Sketch Chats are not perfect artwork

Keep in mind that a “visual” does not need to be a lovely laminated picture card or a fancy worksheet.

This is important.

Sketches are not prepared ahead of time.

They’re quick sketches that are done while you are having a conversation with a student. They can be about any topic. It’s not always a behavior situation.

The adult communication partner can do the sketching or the student can draw. What’s important here is you can’t get distracted by fussing with the artwork.

But . . . sometimes adding a bit of detail helps. For example, the girls in these stories have different hairdos so you can tell which person it is. Simple facial expressions or other simple details can add to the interest and understanding of the story.

Just remember . . .

This is not art class. It’s communication time. It’s important to be quick so you don’t get distracted from the purpose of the Sketch Chat.

Sometimes I’ll go back after the conversation is completed and add a little detail or explanation or label to help us remember the conversation.

Sketch chat

I LOVE to keep these Sketch Chats so we can go back to review. I recommend something like a 3-ring binder to keep anything visual that we've created to help students understand and remember.

Why create Sketch Chats?

Visual supports help our student to:

  • Get student attention
  • Give information
  • Correct misinformation
  • Give opportunity to provide more details
  • Keep student more engaged and less emotional

Don’t forget: Students remember more when there is a visual component to the conversation.

Here's the science

The book Brain Rules shares two observations that support the concept of Sketch Chats.

1. We remember better when we have repeated exposure to information. That’s why I love to keep my Sketch Chats in a notebook to review later. Reviewing helps students remember.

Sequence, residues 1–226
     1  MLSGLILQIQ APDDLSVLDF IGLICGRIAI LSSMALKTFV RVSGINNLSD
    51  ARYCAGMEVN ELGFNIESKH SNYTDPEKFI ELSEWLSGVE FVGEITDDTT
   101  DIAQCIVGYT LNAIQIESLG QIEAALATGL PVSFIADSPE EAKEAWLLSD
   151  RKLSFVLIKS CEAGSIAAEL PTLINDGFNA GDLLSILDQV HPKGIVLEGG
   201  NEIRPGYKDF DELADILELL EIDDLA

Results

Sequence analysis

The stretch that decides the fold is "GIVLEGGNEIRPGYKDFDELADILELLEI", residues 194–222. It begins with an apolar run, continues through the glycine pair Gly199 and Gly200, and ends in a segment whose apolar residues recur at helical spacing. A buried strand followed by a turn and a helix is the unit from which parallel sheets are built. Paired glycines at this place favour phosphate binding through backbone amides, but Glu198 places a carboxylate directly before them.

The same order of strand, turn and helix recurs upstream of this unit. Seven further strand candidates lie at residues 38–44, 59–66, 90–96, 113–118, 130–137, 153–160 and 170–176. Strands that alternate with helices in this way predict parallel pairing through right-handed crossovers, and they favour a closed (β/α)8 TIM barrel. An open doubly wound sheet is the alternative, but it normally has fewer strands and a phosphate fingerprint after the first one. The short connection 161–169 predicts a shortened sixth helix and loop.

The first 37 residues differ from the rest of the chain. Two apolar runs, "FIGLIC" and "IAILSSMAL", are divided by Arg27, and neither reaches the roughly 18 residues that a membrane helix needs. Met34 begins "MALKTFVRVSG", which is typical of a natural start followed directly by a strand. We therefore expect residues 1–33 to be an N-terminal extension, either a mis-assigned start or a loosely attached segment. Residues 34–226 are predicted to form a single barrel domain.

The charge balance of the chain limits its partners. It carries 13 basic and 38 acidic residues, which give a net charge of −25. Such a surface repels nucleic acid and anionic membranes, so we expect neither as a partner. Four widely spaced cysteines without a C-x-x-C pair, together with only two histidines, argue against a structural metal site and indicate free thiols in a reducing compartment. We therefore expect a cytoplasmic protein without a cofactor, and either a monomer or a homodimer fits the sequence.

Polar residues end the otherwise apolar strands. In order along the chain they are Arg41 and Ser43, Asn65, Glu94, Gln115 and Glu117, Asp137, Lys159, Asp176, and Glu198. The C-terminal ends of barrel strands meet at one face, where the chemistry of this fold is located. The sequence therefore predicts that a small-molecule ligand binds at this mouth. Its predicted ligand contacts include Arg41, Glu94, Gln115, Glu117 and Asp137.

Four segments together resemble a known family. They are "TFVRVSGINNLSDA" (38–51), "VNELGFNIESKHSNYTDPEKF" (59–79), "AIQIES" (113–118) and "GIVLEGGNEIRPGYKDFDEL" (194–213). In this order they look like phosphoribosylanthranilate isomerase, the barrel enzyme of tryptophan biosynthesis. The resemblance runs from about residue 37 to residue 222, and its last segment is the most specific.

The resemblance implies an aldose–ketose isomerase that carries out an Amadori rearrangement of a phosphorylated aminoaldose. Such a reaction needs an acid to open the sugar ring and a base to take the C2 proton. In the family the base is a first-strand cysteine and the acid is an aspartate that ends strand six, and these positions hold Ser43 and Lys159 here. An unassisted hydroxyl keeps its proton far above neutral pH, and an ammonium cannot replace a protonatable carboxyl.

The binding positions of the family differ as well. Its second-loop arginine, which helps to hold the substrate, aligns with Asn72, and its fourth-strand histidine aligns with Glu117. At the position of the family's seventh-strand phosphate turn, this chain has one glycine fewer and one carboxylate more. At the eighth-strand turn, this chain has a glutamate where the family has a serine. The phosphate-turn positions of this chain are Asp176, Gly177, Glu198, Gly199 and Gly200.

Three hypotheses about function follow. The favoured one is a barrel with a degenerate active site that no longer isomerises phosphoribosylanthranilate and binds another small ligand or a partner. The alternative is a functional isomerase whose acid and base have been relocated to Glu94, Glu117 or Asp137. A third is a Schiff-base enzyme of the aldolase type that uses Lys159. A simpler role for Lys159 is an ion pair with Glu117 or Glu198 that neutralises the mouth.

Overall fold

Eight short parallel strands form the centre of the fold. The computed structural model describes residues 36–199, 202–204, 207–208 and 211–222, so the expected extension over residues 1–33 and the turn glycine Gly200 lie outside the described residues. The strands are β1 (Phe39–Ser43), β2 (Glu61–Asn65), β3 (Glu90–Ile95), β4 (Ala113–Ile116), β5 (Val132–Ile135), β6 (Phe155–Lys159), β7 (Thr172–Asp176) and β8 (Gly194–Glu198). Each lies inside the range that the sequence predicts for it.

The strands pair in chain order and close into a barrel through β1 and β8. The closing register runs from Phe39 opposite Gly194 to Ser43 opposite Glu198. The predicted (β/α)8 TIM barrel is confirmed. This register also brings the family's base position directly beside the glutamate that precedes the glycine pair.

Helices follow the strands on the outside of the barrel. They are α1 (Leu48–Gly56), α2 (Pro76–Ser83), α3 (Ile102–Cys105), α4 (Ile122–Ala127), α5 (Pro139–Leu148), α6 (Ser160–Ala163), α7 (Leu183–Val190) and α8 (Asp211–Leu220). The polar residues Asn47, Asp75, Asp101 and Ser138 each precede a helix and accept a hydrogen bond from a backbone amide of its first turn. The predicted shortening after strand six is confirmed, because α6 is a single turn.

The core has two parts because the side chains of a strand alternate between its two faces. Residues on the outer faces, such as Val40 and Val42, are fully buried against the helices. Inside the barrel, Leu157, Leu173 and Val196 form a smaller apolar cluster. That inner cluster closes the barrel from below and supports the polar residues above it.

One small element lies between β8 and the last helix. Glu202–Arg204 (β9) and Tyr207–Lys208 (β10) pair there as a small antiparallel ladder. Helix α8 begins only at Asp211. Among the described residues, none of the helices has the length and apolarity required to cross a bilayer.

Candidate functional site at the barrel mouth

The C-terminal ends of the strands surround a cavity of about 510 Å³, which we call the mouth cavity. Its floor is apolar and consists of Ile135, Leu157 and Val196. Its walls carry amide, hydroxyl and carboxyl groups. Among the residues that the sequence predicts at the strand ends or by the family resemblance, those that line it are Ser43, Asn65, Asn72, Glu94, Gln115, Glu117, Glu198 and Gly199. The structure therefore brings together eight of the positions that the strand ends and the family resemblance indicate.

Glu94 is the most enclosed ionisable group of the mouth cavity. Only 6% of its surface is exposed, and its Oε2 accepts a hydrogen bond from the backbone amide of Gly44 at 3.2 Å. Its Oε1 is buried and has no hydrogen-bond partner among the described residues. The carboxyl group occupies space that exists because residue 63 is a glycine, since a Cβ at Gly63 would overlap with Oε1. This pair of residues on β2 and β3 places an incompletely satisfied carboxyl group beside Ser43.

2. If you hear a piece of information, three days later you'll remember 10% of it. Add a picture and you'll remember 65%. Pictures help you remember!

That’s why Sketch Chats work.

Visual Supports help get attention of ALL students, but those with special learning needs like autism or ADHD get extra benefit.  

When I SEE it, then I Understand

P.S. Send me your Sketch Chat. I would love to post some of your success stories. Add to the Comments below or email your Sketch Chat to me at UseVisualStrategies@gmail.com 

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  1. Dear Ms. Hodgdon,

    I enjoy reading the articles you send out by e-mail. I found this one interesting as well. Are you familiar with Carol Gray's 1994 book Comic Strip Conversations?

    Daniel Wormeli, SLP
    (Montreal, QC)

    1. Yes! Carol’s Social Stories and her Comic Strip Conversations are other variations of visual strategies. Bottom line is that making it visual helps students understand better.

  2. Loved your post. I shared it with my private discussion group. . . Thanks for sharing. (Daughter) Shalea would really like this strategy. : )

  3. As a Speech-Language Pathologist, I LOVE using Sketch Chats! What a quick and easy way for me to make a conversation visual. Once I say something, my words are gone. But once I put it on paper, my students can refer back to it. I'm definitely not the best artist….but my students don't mind–They often help me sketch. This is a great tool for my toolbox.

    1. Thank you for sharing. You’re right . . . you don’t have to be a great artist to use this strategy. I love it if your students help with the artwork. Sometimes they draw better than we do!

    1. Artwork FOR students and artwork BY students does not have to be “professional” looking to be meaningful. Some of the examples are my art. Some are a student’s art. The total experience was very meaningful for the student.